From an op-ed in the Richmond Times-Dispatch:
Two months ago, I was privileged to have space on this page to tell readers about a committee working to correct the system that lets politicians draw election districts in Virginia which favor their party or put their opponents at a disadvantage. Abused by both parties, that system deprives voters of real choices in elections, which undermines democracy itself. Today, I can report that the committee has proposed an amendment to the Virginia Constitution that would create a citizens redistricting commission to draw the commonwealth’s legislative districts, rather than leave the job in the hands of the legislators themselves.
The amendment will be introduced by bipartisan sponsors in the 2019 General Assembly session, which begins on Jan. 9. Crucially, it must win initial approval in this session to begin a two-year process that would put this citizens-first system in effect for the next complete redrawing of Virginia’s political map in 2021.
The values of democracy, not partisan politics, were our primary concern as the committee of Republicans, Democrats, and election law experts sought a better way — a Virginia way — to draw legislative districts. Recognizing that redistricting and the legislature have been entangled since the beginning of the Republic, the committee did not eliminate the General Assembly from the process, but it reduced the legislature’s role and took off the rough edges of party politics.
Politics and principle are balanced in the selection of the commission and in the criteria the commission must apply in drawing new election districts. The leaders of both parties in the General Assembly would have a voice, but not the controlling voice, in choosing the 10-member commission, which must include three Republicans, three Democrats, and four independents. Under the terms of the amendment, the commission is required to produce districts that meet current federal and state requirements but favor no party or incumbent, that follow local boundaries as much as possible, and that do not diminish minority communities’ voting power.
In a formula calculated to ensure fairness, to be adopted a map of districts must win the approval of seven of the 10 members of the commission, including at least one Republican and one Democrat. Once the commission adopts a map, it would be official, and not subject to amendment or veto by the General Assembly or the governor.
Significantly, the amendment dictates that the commission’s data, debates, and decisions must be open and transparent. Unlike the common practice of gerrymandering, no district lines would be changed behind closed doors or in secret midnight meetings.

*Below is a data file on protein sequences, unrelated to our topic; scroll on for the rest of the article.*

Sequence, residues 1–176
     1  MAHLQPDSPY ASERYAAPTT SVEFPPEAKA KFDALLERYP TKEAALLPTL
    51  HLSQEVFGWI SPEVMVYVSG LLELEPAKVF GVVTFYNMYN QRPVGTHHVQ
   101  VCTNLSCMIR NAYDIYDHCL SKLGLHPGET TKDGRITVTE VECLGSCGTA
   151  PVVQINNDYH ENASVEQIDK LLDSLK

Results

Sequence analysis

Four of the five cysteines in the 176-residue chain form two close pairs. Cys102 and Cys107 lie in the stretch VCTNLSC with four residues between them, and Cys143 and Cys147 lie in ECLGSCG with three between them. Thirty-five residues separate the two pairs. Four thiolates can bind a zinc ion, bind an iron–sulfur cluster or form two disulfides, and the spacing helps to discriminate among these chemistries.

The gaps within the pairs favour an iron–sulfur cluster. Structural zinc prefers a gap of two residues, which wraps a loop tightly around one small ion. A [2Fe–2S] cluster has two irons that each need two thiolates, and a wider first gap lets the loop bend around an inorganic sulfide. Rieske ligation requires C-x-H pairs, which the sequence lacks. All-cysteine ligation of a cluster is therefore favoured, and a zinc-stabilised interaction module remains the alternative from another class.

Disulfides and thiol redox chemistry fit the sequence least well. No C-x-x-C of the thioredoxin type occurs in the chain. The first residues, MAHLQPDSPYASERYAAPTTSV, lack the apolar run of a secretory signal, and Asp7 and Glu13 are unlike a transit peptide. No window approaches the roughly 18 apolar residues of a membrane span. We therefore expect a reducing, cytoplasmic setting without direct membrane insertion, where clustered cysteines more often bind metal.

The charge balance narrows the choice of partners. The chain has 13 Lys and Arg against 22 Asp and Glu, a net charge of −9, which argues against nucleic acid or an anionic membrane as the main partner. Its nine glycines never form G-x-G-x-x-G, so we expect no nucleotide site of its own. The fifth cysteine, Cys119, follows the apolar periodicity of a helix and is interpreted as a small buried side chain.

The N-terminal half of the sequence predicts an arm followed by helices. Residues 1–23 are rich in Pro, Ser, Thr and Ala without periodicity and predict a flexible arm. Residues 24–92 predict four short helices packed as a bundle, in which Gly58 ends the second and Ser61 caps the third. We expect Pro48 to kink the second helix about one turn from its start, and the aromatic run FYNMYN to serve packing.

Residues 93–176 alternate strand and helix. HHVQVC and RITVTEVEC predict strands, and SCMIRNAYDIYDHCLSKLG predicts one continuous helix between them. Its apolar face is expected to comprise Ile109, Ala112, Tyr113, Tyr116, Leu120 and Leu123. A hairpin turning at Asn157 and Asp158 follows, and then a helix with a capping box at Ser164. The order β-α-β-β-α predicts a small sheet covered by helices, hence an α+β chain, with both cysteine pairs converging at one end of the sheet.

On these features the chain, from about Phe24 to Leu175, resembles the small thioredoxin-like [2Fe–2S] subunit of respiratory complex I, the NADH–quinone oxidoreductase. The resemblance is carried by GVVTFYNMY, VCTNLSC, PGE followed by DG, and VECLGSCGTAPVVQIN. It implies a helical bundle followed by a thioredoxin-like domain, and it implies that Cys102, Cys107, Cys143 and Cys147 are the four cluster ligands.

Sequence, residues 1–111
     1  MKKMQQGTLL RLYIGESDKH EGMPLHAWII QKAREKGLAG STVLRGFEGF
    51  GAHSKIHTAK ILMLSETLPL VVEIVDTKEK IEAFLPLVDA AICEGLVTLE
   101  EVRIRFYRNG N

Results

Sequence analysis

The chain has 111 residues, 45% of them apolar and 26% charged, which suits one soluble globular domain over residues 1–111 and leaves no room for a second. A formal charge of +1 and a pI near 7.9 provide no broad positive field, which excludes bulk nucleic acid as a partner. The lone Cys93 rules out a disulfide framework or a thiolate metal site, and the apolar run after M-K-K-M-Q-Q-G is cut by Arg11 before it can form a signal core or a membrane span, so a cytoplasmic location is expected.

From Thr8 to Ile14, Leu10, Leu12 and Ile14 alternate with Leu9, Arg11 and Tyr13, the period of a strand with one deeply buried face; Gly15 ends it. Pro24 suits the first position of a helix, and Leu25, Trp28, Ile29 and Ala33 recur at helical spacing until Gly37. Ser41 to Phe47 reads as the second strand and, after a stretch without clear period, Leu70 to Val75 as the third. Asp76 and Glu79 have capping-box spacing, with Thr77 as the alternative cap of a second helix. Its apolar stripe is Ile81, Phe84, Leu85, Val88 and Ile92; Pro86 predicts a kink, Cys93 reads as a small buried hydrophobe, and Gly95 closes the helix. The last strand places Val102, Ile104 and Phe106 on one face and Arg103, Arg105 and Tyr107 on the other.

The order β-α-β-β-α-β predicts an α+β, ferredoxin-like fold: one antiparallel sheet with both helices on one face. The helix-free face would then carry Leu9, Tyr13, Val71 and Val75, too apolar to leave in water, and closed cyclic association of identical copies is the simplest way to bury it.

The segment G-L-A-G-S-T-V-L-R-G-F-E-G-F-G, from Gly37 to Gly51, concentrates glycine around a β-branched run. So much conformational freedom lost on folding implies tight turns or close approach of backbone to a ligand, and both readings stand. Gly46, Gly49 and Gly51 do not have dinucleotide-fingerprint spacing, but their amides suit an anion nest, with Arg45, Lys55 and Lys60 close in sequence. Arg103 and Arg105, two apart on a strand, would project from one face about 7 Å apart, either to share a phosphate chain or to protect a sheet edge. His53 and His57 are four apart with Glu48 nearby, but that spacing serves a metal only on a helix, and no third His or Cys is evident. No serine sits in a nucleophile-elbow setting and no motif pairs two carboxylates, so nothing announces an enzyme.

Ultimately, gerrymandering mocks the principle of majority rule. Americans in state after state see this, and reject it. In the midterm elections, voters in four states overwhelmingly approved proposals to create independent redistricting commissions. The details vary, but the message was the same: Give us back fair elections.
In Virginia, too, the power to draw election districts has been abused by whichever party was in power at redistricting time. Even when power was divided between Democrats and Republicans, as it was in 2011, the old system lent itself to abuse — in that case, by both parties at the same time. A sure indication of that broken system is the litigation still active in federal court challenging districts that were created in 2011!
The frequent refrain from legislators is that the plan was approved by bipartisan majorities in both chambers, but that merely buttresses the obviousness of the “devil’s bargain” between the different parties controlling each chamber and the protection the bizarrely shaped districts provided to incumbents in both parties.
In 2021, all 100 districts of the House of Delegates, 40 districts of the Virginia Senate, and Virginia’s 11 U.S. congressional districts must be redrawn to account for population changes recorded in the 2020 Census. If this amendment is in force then, it would put citizens’ interests ahead of the interests of political parties or incumbents.
But changing our constitution takes two years, so the next few months are critical. The amendment must win initial passage in the upcoming General Assembly session, and again a year later following the elections in November of 2019. If the General Assembly allows it, voters would then have their say in a referendum in 2020.
This citizens committee of Democrats, Republicans, and independent election law experts worked in a spirit of collaboration and compromise to develop a constitutional amendment that ensures integrity in the redistricting process and integrity in the results. We’ve taken the first step. Now it’s the task of the Virginia legislature to do the right thing: approve a fair process for redistricting reform and let the people vote on it.
Wyatt Durrette is a practicing attorney, former legislator, and former Republican candidate for governor of Virginia. He may be contacted at [email protected].